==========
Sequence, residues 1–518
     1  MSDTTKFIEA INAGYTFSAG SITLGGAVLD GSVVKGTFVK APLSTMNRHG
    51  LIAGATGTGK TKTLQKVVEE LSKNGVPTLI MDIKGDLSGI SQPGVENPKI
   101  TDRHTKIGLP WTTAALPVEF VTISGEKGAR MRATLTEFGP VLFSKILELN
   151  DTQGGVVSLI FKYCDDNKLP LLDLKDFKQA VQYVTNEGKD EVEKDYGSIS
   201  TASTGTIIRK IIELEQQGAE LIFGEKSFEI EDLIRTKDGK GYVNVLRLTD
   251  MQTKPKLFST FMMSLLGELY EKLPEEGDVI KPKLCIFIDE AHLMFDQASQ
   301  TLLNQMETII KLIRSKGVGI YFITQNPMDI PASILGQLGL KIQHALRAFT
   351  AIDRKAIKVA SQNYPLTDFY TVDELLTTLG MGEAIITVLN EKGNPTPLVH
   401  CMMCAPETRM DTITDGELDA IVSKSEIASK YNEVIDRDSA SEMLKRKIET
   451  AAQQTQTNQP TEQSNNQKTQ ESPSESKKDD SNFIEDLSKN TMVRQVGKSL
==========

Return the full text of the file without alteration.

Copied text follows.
Sequence, residues 1–518
     1  MSDTTKFIEA INAGYTFSAG SITLGGAVLD GSVVKGTFVK APLSTMNRHG
    51  LIAGATGTGK TKTLQKVVEE LSKNGVPTLI MDIKGDLSGI SQPGVENPKI
   101  TDRHTKIGLP WTTAALPVEF VTISGEKGAR MRATLTEFGP VLFSKILELN
   151  DTQGGVVSLI FKYCDDNKLP LLDLKDFKQA VQYVTNEGKD EVEKDYGSIS
   201  TASTGTIIRK IIELEQQGAE LIFGEKSFEI EDLIRTKDGK GYVNVLRLTD
   251  MQTKPKLFST FMMSLLGELY EKLPEEGDVI KPKLCIFIDE AHLMFDQASQ
   301  TLLNQMETII KLIRSKGVGI YFITQNPMDI PASILGQLGL KIQHALRAFT
   351  AIDRKAIKVA SQNYPLTDFY TVDELLTTLG MGEAIITVLN EKGNPTPLVH
   401  CMMCAPETRM DTITDGELDA IVSKSEIASK YNEVIDRDSA SEMLKRKIET
   451  AAQQTQTNQP TEQSNNQKTQ ESPSESKKDD SNFIEDLSKN TMVRQVGKSL